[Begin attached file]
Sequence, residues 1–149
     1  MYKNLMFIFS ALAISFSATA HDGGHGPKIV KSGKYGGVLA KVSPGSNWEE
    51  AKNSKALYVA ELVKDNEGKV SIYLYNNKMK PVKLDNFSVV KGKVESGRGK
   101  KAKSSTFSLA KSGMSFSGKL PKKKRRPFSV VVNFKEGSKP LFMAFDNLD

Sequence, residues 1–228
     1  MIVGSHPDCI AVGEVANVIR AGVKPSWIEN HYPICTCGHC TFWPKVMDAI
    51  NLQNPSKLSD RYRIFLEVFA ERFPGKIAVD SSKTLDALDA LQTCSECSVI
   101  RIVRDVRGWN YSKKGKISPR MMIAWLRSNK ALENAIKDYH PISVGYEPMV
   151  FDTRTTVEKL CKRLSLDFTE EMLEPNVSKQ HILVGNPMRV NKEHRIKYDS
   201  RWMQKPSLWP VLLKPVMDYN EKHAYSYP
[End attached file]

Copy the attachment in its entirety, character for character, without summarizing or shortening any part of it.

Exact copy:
Sequence, residues 1–149
     1  MYKNLMFIFS ALAISFSATA HDGGHGPKIV KSGKYGGVLA KVSPGSNWEE
    51  AKNSKALYVA ELVKDNEGKV SIYLYNNKMK PVKLDNFSVV KGKVESGRGK
   101  KAKSSTFSLA KSGMSFSGKL PKKKRRPFSV VVNFKEGSKP LFMAFDNLD

Sequence, residues 1–228
     1  MIVGSHPDCI AVGEVANVIR AGVKPSWIEN HYPICTCGHC TFWPKVMDAI
    51  NLQNPSKLSD RYRIFLEVFA ERFPGKIAVD SSKTLDALDA LQTCSECSVI
   101  RIVRDVRGWN YSKKGKISPR MMIAWLRSNK ALENAIKDYH PISVGYEPMV
   151  FDTRTTVEKL CKRLSLDFTE EMLEPNVSKQ HILVGNPMRV NKEHRIKYDS
   201  RWMQKPSLWP VLLKPVMDYN EKHAYSYP